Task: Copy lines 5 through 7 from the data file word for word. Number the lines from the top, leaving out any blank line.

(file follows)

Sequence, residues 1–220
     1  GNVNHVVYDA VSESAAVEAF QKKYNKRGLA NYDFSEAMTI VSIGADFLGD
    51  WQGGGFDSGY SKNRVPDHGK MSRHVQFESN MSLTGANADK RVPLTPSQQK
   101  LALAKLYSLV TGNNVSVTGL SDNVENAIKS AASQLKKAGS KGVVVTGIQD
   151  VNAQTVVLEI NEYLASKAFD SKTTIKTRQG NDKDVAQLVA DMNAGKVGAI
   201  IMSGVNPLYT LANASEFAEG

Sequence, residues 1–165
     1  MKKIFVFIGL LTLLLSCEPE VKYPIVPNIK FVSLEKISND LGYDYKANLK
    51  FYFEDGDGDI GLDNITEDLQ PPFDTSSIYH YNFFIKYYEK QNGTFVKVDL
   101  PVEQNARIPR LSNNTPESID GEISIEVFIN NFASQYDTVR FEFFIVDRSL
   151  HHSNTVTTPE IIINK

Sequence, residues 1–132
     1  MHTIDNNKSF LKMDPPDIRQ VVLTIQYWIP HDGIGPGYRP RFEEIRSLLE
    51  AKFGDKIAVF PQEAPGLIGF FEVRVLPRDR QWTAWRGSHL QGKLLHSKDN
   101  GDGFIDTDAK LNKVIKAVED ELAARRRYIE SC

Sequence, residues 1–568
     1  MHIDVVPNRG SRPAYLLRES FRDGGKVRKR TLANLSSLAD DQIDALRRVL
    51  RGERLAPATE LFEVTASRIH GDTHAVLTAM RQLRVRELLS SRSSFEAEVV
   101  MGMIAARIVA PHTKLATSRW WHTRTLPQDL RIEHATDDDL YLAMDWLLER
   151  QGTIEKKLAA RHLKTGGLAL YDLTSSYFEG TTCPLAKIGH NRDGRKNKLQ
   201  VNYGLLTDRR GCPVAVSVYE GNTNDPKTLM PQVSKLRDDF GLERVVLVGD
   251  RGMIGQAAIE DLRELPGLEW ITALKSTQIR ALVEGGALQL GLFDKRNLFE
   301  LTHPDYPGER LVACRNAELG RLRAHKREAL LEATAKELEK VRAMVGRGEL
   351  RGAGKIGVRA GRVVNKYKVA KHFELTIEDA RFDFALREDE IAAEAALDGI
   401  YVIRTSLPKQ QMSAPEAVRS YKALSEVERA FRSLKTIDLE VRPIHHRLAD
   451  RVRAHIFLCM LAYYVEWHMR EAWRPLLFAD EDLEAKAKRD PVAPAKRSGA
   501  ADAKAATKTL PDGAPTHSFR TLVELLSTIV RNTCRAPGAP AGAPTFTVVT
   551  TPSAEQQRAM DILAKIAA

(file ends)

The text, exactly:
   151  VNAQTVVLEI NEYLASKAFD SKTTIKTRQG NDKDVAQLVA DMNAGKVGAI
   201  IMSGVNPLYT LANASEFAEG

Sequence, residues 1–165